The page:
Young IBD Patients at High Risk of Developing Anxiety, Depression, Researchers Say

Young IBD Patients at High Risk of Developing Anxiety, Depression, Researchers Say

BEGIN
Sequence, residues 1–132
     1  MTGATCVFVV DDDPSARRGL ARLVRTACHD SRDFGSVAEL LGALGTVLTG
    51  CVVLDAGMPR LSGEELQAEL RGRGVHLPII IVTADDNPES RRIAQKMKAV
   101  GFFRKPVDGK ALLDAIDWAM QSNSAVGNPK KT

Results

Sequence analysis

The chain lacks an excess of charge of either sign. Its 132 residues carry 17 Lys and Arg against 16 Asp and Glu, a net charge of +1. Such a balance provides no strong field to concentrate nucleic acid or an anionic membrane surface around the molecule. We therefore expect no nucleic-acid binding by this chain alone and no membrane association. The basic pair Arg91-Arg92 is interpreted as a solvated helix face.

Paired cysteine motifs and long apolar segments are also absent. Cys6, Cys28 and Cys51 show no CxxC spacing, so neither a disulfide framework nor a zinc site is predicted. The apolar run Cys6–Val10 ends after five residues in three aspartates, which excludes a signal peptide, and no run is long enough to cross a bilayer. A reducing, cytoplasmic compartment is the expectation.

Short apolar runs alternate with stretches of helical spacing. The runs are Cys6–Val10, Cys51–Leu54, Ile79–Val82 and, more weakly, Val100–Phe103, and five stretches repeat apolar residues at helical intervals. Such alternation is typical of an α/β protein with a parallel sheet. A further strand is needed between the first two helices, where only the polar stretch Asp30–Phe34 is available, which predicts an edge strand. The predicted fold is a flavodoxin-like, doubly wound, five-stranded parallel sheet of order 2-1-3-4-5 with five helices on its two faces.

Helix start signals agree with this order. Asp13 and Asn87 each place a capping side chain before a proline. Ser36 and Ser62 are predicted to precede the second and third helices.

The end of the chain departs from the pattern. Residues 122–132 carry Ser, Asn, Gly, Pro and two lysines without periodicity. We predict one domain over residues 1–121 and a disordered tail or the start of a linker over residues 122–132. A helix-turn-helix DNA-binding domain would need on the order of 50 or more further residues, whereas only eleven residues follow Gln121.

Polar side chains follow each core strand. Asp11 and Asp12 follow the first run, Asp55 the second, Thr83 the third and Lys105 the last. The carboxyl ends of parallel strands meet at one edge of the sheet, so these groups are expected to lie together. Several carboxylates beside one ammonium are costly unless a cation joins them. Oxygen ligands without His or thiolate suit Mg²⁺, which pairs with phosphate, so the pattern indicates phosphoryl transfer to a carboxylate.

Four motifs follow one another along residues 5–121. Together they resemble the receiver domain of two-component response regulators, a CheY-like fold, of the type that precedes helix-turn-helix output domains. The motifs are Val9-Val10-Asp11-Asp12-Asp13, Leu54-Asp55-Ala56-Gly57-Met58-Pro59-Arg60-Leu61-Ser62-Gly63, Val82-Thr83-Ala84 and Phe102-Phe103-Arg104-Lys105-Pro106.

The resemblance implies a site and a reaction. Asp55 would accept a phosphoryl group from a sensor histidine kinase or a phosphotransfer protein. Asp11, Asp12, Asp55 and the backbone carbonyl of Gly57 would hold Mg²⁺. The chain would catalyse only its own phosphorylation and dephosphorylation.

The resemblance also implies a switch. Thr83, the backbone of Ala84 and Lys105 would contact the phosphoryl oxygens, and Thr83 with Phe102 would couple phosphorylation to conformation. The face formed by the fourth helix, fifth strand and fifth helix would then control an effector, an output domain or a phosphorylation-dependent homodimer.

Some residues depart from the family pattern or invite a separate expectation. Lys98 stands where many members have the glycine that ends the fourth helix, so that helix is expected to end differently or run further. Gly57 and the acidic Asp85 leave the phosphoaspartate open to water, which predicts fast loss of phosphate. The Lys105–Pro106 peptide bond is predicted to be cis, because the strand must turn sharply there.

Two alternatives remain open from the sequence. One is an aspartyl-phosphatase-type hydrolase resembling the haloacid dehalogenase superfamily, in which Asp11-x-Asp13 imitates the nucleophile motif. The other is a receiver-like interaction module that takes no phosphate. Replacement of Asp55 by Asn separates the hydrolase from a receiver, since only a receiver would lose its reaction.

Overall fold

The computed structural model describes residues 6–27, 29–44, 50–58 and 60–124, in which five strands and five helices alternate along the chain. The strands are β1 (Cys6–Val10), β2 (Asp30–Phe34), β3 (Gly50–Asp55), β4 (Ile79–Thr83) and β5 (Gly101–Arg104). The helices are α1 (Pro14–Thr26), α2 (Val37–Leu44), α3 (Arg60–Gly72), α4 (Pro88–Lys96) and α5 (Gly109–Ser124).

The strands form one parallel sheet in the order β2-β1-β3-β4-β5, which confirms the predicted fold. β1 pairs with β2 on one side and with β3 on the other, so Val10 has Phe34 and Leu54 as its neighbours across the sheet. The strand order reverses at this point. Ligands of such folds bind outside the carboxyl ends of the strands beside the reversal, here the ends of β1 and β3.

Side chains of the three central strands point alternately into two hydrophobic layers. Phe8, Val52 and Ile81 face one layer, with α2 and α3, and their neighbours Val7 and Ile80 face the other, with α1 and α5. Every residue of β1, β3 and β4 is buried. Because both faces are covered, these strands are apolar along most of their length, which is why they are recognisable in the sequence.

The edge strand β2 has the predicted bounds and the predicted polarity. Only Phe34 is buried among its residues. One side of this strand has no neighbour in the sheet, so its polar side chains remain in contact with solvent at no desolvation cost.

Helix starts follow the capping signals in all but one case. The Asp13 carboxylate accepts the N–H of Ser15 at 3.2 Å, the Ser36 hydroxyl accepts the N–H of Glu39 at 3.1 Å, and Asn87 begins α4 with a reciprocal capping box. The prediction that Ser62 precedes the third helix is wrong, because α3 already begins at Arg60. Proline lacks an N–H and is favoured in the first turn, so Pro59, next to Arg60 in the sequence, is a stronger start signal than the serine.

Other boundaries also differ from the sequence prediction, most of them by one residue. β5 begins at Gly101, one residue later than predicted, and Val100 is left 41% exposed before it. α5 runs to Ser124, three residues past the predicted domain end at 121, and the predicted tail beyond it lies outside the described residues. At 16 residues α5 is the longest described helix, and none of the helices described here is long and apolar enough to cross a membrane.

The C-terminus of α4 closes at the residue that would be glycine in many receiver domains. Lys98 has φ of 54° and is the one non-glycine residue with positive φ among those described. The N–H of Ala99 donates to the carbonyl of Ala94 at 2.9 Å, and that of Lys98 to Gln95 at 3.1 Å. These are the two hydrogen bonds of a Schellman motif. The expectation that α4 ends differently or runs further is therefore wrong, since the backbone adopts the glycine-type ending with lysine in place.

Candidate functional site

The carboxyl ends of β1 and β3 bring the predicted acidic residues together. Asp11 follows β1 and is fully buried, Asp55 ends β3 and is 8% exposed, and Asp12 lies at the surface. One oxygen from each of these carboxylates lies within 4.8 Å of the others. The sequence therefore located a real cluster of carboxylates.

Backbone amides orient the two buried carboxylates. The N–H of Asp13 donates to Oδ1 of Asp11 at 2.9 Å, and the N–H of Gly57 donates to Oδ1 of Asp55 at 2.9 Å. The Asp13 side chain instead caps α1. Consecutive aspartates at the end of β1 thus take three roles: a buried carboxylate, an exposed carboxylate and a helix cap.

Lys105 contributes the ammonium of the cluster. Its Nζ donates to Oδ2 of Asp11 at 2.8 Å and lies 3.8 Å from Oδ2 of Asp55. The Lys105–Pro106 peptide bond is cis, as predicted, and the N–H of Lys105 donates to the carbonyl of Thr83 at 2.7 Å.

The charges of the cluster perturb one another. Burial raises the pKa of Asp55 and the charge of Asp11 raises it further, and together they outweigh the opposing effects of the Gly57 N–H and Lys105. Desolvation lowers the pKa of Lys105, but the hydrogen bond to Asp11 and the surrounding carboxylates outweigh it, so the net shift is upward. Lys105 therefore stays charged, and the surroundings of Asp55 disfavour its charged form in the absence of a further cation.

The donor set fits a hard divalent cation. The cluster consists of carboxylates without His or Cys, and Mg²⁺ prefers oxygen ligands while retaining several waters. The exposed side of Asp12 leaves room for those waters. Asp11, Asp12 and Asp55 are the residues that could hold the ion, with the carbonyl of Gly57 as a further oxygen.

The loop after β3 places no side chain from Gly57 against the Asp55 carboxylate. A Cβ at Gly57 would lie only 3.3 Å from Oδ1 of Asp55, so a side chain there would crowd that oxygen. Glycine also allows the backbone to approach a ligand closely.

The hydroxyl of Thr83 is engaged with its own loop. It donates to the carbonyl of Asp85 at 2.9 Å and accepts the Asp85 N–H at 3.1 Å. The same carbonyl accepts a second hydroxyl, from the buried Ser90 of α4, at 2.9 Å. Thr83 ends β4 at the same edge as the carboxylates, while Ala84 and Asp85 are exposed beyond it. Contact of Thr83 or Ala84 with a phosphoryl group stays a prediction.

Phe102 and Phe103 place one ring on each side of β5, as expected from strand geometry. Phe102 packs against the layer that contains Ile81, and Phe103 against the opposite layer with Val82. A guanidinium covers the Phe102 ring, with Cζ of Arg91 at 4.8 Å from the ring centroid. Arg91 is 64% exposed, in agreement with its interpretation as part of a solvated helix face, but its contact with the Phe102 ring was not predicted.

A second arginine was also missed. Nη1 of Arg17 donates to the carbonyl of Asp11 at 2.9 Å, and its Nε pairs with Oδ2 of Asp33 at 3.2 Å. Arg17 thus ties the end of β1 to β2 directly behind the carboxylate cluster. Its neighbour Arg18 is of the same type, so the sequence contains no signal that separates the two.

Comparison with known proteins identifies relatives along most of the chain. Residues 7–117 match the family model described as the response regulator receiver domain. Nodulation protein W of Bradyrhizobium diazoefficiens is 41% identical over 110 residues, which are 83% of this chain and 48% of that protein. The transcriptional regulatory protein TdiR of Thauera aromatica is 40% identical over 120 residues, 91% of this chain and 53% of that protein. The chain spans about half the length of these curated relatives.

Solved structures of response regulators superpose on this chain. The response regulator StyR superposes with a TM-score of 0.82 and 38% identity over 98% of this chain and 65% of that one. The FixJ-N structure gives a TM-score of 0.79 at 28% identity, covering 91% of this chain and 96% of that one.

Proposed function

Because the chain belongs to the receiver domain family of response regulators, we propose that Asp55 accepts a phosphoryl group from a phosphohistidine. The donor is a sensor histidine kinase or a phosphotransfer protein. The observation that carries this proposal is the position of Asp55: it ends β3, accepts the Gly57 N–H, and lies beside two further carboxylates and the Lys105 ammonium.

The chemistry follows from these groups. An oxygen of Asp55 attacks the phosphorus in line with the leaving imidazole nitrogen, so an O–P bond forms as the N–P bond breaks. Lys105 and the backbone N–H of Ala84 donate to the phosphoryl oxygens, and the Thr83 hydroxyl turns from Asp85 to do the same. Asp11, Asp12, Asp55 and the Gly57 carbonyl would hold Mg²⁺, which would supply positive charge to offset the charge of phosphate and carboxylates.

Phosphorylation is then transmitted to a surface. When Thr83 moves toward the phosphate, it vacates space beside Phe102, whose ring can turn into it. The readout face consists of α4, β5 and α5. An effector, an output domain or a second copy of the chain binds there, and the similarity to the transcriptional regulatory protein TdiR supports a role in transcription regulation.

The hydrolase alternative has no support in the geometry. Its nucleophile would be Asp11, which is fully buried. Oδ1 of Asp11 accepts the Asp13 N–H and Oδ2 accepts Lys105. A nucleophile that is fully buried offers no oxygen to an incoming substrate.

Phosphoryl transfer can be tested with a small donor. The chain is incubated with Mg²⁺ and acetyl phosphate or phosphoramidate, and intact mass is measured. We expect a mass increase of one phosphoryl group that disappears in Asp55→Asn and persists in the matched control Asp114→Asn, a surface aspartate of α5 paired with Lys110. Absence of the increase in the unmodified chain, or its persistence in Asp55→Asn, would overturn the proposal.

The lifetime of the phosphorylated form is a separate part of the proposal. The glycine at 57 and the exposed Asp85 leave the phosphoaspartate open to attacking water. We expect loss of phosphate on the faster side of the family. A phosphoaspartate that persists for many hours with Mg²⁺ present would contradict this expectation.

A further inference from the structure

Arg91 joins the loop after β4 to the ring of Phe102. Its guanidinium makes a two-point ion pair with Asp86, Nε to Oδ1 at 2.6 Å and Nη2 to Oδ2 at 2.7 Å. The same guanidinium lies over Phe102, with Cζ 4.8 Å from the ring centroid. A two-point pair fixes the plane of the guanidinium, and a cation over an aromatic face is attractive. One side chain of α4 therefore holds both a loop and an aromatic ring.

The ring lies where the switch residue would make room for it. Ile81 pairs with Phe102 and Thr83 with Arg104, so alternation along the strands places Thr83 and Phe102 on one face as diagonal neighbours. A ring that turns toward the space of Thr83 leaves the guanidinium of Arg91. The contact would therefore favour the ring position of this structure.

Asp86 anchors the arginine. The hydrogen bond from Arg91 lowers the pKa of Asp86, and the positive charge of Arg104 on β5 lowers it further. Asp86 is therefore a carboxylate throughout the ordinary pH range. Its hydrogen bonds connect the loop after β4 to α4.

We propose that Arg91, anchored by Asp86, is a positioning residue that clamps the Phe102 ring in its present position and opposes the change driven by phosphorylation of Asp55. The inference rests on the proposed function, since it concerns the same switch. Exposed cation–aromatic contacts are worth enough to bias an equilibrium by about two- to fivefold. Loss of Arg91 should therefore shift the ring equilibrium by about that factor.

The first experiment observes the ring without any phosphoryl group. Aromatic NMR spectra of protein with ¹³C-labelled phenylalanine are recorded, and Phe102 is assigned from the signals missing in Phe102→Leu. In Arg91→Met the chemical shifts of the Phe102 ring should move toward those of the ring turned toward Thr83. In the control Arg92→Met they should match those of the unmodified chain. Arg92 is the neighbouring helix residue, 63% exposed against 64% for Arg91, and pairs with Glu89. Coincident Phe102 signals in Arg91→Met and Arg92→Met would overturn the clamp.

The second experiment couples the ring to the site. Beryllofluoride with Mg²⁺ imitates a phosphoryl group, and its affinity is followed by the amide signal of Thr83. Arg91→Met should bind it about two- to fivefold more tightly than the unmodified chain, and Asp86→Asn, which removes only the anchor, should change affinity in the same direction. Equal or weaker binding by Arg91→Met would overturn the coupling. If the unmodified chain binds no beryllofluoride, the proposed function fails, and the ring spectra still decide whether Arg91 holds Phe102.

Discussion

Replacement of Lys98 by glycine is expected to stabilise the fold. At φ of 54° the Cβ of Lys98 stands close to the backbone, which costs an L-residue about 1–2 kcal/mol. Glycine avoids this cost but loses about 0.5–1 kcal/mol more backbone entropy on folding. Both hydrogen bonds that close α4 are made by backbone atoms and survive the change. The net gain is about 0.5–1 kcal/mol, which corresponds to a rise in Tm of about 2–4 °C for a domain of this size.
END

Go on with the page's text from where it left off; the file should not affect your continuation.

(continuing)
Young people with inflammatory bowel disease (IBD) — especially women and those with active disease — are at greater risk of developing anxiety and depression, a Dutch study shows. These results support the need for regular psychological screening in these vulnerable patients to treat these conditions early. The study, “Clinical disease activity is associated with anxiety and depressive symptoms in adolescents and young adults with inflammatory bowel disease,” was published in the journal Alimentary Pharmacology & Therapeutics. Patients with IBD, consisting mainly of those with Crohn’s disease and ulcerative colitis, have been found to have higher rates of depression and anxiety, compared to the general population. These emotional states greatly affect a person’s quality of life, and are often associated with poor treatment compliance in IBD patients. This is even more pronounced in young patients, who are at a phase of significant psychological, cognitive, and physical challenges. Young people with IBD were found to be particularly at risk for these psychological problems, with a reported frequency rate of 20‐50% for anxiety and and 25-40% for depression. IBD patients may enter a vicious cycle, where anxiety and/or depression can lead to intestinal inflammation and disease relapse, which in turn feeds those emotional problems. Therefore, it is important to identify IBD patients at greater risk of anxiety and depression so that appropriate treatment and support can be provided, which is expected to improve patients’ quality of life and decrease IBD-related mortality. Researchers evaluated the frequency of, and risk factors for, anxiety and depressive symptoms in 374 IBD patients, including adolescents (ages 10-17), and youn
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